In Gardena, children and city officials are among protesters ‘taking a knee’ against injustice

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Gardena city officials joined demonstrators Sunday in taking a knee against racial injustice — a symbolic gesture of peaceful protest seen across the globe.

Church leaders, city officials, families and others gathered in a neighborhood where a few people held protest signs, among them images of former San Francisco 49ers quarterback Colin Kaepernick. He first began kneeling during NFL games in 2016, refusing to stand during the National Anthem to protest police brutality and inequities facing black Americans.

A boy kneels during a "Take a Knee for Peace" protest in Gardena, a demonstration against racial inequality, on June 7, 2020. (KTLA)
A boy kneels during a “Take a Knee for Peace” protest in Gardena, a demonstration against racial inequality, on June 7, 2020. (KTLA)

“We’re banding together to make sure that we stand up for justice, and we work on police reform,” Gardena Mayor Pro Tem Mark Henderson said at the “Take a Knee for Peace” protest.

From Washington D.C. to London, crowds of protesters around the world have taken a knee. Last week, Sky5 captured demonstrators kneeling on the steps of City Hall in downtown L.A.

Largely peaceful demonstrations through the Fairfax District and Santa Monica area last weekend were sometimes overshadowed by scenes of looting and fires. The images troubled LaWanda Staten, a city commissioner at Sunday’s protest.

“There are other ways besides, you know, just burning your buildings and and rioting,” Staten said. “That’s why we wanted to take a knee today to show peace and solidarity.”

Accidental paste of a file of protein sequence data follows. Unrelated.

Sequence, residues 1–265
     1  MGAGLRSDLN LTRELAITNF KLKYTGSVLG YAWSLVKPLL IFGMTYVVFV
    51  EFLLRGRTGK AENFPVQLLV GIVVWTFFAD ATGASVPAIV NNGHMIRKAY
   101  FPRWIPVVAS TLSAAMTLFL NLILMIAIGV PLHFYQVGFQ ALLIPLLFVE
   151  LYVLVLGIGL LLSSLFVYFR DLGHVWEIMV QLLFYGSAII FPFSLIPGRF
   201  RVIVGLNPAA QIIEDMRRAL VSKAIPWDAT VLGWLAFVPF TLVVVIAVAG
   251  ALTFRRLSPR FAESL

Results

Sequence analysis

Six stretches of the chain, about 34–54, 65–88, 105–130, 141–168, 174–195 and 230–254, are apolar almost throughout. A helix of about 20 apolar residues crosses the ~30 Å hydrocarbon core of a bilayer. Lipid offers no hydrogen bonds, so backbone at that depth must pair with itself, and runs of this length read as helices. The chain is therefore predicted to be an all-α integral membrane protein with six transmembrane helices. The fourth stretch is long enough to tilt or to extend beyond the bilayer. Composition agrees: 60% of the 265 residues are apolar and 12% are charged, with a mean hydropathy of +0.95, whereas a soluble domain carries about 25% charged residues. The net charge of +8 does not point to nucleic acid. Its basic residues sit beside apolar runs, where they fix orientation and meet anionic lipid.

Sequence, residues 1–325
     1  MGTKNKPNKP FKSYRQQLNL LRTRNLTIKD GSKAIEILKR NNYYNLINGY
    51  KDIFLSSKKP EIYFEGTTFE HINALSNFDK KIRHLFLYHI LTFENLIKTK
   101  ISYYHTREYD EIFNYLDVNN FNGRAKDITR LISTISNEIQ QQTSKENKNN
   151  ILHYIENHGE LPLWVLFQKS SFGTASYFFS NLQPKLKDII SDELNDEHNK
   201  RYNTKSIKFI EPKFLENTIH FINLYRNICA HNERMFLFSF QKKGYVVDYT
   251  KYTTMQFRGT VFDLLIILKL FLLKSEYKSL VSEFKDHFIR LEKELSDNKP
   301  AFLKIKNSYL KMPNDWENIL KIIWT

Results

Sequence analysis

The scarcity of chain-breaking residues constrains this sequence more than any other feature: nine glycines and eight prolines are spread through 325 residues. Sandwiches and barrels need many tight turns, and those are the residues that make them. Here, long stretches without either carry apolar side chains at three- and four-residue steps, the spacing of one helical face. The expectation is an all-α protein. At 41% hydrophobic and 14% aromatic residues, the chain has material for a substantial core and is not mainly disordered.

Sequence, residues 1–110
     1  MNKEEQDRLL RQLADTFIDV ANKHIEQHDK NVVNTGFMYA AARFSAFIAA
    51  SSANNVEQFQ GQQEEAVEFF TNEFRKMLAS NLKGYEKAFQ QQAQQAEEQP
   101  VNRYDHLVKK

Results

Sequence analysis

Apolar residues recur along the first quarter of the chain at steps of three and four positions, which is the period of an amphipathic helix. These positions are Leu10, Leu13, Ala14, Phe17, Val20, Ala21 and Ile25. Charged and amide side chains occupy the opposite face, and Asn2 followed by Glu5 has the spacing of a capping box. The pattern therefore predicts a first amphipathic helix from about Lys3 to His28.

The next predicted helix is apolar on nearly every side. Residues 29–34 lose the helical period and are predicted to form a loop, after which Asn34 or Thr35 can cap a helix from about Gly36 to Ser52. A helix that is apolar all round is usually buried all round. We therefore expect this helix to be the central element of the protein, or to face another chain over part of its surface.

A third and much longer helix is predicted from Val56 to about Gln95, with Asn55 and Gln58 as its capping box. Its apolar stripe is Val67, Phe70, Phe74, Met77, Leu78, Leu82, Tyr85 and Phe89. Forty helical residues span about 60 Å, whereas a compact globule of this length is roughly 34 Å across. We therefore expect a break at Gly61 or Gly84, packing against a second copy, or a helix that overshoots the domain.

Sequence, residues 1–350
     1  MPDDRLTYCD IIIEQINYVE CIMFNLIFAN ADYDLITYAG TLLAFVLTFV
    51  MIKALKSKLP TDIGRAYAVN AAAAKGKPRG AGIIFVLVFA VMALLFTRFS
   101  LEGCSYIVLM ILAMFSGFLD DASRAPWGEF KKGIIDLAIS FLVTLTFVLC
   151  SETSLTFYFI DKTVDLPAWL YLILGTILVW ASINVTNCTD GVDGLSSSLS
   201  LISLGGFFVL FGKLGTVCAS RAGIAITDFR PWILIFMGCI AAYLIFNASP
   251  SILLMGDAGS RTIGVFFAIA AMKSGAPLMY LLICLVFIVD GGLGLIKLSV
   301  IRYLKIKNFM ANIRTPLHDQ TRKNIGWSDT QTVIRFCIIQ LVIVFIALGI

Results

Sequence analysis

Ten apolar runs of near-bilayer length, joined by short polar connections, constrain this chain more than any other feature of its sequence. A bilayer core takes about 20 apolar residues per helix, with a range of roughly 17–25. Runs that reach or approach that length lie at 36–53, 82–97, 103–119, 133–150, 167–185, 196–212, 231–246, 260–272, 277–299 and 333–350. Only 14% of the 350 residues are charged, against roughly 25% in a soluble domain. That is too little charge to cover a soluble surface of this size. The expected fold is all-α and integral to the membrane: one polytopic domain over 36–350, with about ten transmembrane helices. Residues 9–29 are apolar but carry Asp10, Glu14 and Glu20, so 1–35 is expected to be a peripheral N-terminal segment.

Some advocates and organizers within Black Lives Matter have said the focus on looting detracts from not just the message of their movement but the actions of law enforcement during demonstrations.

“Our protests have been completely amazing and beautiful, and the minute that the police come in, it’s been really dangerous,” Black Lives Matter co-founder Patrisse Cullors told KTLA last week.

  • Protesters kneel and raise their fists in the air as police officers line up outside the Houses of Parliament during a Black Lives Matter protest in Westminster on June 7, 2020 in London, United Kingdom. (Chris J Ratcliffe/Getty Images)
  • A man kneels during a protest against police brutality on June 4, 2020 in Mexico City, Mexico. (Manuel Velasquez/Getty Images)
  • People kneel in the CBD on June 6, 2020 in Brisbane, Australia. Events across Australia have been organized in solidarity with protests in the United States following the killing of an unarmed black man George Floyd at the hands of a police officer in Minneapolis, Minnesota and to rally against aboriginal deaths in custody in Australia. (Jono Searle/Getty Images)

“There’s been pepper spray, people have been tear gassed, people have been rubber bullet-ed,” Cullors said. “And so we need to challenge this idea of what violence is looking like at this moment.”

Black Lives Matter has sued the Los Angeles Police Department alongside other advocacy groups over allegations of excessive force at protests, according to the Los Angeles Times.

This week, demonstrations have spread to smaller cities in Southern California, a trend seen on a national scale as demonstrations continue to draw thousands, the Associated Press reported.

“There are so many people who want to do something but they don’t know what to do,” Staten said. “And this is an avenue for them to get out and do something.”

With issues facing the black community coming to the forefront, Murphy Richardson, one of the protest organizers, said people should take a moment for some self-reflection.

“If I could quote Michael Jackson, it starts with the man in the mirror, or the person in the mirror,” Murphy said. “It starts at home. All this starts at home.”

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